- It was advocated that reducing summative assessment and increasing formative assessment can reduce workload, but I would disagree (unless we conduct one worse than the other).
That is all for now!
I attended my first SEDA conference, and I loved every minute of it. The climate was so friendly, and everybody made me feel very welcome. The presentations were really professional and stimulating: I genuinely came back home with many ideas to reflect on.
We kicked off with a keynote by Keith Smyth (@smythkrs) on “Practice, Praxis, Place”. Keith highlighted the following points and questions:
- educational development (ED) is under scrutiny: we need to diversify and evidence how we conduct it.
- Where is the Scholarship of ED located in our institutions? How to make it explicit?
- It would be nice to see ED as activism in HE? A politically active ED community.
- How to evidence CPD? How to take a longitudinal approach to its evaluation?
- Good reference: John Cowan: on Becoming an Innovative University Teacher.
I then gave my own talk on Peer Instruction Unveiled (link to slides) talking about active learning and ways to measure its impact. I was pleased as the message seemed to go across loud and clear. I am a quant. guy, and metrics are not enjoying a good press these days due to the advent of TEF. Still, good metrics are possible and, even if not the panacea, they can help us getting insights in what our students learn, and how. This is what I tried to show in my presentation. It was important to see that ethical consideration also raised interest. Conducting in-depth empirical analysis on our student learning implies making sure that we do so ethically. It was suggested that I allow for facilitators to walk around the room during peer-instruction session to collect evidence on how students develop their discussions: a very interesting way to develop my research on active learning.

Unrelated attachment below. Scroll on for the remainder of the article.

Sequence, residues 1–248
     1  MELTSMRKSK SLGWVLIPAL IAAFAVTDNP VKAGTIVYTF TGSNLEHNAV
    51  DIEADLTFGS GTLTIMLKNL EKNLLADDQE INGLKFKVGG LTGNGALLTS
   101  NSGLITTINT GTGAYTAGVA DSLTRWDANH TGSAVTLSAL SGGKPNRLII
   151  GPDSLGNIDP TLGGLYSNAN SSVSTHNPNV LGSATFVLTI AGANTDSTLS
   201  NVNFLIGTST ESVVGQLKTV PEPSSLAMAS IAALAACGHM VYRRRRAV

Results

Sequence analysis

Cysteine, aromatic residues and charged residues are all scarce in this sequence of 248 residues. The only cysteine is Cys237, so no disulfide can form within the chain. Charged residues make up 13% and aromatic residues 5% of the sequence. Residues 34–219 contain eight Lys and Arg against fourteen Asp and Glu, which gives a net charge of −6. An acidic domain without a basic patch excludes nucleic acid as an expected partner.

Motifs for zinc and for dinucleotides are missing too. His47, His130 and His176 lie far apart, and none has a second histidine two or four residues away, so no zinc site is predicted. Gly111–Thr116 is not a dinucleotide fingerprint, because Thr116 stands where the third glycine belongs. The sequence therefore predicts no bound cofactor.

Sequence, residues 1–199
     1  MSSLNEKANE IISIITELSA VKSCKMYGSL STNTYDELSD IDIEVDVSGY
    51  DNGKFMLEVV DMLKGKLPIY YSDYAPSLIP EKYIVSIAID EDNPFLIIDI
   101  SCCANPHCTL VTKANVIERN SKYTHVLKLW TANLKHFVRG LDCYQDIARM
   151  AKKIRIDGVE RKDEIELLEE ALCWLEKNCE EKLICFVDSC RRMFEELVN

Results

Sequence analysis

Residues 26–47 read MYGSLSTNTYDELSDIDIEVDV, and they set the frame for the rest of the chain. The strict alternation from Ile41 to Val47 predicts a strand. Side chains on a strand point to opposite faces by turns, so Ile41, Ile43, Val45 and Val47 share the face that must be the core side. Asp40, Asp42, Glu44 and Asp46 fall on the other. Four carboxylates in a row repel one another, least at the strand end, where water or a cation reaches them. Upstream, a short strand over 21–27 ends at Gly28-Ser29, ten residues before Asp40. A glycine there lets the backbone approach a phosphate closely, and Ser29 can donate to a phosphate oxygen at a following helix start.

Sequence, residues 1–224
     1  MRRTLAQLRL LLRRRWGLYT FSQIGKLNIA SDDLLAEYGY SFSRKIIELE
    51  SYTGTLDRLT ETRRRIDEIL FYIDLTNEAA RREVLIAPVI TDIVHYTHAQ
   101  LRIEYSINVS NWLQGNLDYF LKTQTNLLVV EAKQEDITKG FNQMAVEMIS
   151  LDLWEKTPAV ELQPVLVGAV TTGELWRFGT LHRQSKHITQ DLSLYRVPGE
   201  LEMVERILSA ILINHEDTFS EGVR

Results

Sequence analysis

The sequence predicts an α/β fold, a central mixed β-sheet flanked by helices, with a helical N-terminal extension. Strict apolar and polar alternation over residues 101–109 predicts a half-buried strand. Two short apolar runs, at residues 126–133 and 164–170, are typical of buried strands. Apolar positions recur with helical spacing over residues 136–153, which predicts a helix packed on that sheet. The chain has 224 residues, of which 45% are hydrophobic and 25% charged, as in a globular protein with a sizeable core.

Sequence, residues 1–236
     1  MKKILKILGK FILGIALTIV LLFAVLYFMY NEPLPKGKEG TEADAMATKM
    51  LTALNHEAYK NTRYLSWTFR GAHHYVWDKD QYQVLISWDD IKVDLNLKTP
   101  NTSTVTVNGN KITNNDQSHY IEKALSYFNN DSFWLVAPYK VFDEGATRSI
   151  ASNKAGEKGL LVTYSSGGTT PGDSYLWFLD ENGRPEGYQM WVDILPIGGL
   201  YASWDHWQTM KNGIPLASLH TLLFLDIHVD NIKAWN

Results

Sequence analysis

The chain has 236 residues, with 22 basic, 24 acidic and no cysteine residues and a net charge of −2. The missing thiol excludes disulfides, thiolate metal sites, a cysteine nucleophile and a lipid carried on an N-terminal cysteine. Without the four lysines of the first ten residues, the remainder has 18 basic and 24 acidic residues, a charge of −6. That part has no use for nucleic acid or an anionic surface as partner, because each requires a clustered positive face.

I was then off to Julie Hall’s (@julieh8) talk on “Using Marx to Discuss Educational Development”. This was very refreshing:
- Julie noted that the debate in ED feels quite “neutral” nowdays, hence not quite a debate at all. There is little evidence on critical views about ED. Some colleagues brought back memories of the ‘golden age’ when a debate was present.